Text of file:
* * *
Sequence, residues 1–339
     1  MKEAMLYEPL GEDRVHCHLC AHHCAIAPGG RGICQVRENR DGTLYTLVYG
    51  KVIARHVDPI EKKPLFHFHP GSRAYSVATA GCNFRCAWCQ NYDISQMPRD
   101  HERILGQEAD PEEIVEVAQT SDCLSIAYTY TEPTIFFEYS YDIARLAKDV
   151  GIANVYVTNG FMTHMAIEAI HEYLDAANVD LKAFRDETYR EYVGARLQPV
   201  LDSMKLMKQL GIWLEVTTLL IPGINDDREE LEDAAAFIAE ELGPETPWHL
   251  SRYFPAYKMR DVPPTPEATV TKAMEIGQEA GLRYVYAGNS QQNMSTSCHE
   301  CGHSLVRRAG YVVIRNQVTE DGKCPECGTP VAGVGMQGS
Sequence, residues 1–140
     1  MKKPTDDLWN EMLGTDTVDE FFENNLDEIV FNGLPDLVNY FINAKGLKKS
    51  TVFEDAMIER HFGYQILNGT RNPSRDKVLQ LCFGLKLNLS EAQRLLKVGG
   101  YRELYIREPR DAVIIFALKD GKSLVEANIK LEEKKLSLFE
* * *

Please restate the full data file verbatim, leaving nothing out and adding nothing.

Sequence, residues 1–339
     1  MKEAMLYEPL GEDRVHCHLC AHHCAIAPGG RGICQVRENR DGTLYTLVYG
    51  KVIARHVDPI EKKPLFHFHP GSRAYSVATA GCNFRCAWCQ NYDISQMPRD
   101  HERILGQEAD PEEIVEVAQT SDCLSIAYTY TEPTIFFEYS YDIARLAKDV
   151  GIANVYVTNG FMTHMAIEAI HEYLDAANVD LKAFRDETYR EYVGARLQPV
   201  LDSMKLMKQL GIWLEVTTLL IPGINDDREE LEDAAAFIAE ELGPETPWHL
   251  SRYFPAYKMR DVPPTPEATV TKAMEIGQEA GLRYVYAGNS QQNMSTSCHE
   301  CGHSLVRRAG YVVIRNQVTE DGKCPECGTP VAGVGMQGS
Sequence, residues 1–140
     1  MKKPTDDLWN EMLGTDTVDE FFENNLDEIV FNGLPDLVNY FINAKGLKKS
    51  TVFEDAMIER HFGYQILNGT RNPSRDKVLQ LCFGLKLNLS EAQRLLKVGG
   101  YRELYIREPR DAVIIFALKD GKSLVEANIK LEEKKLSLFE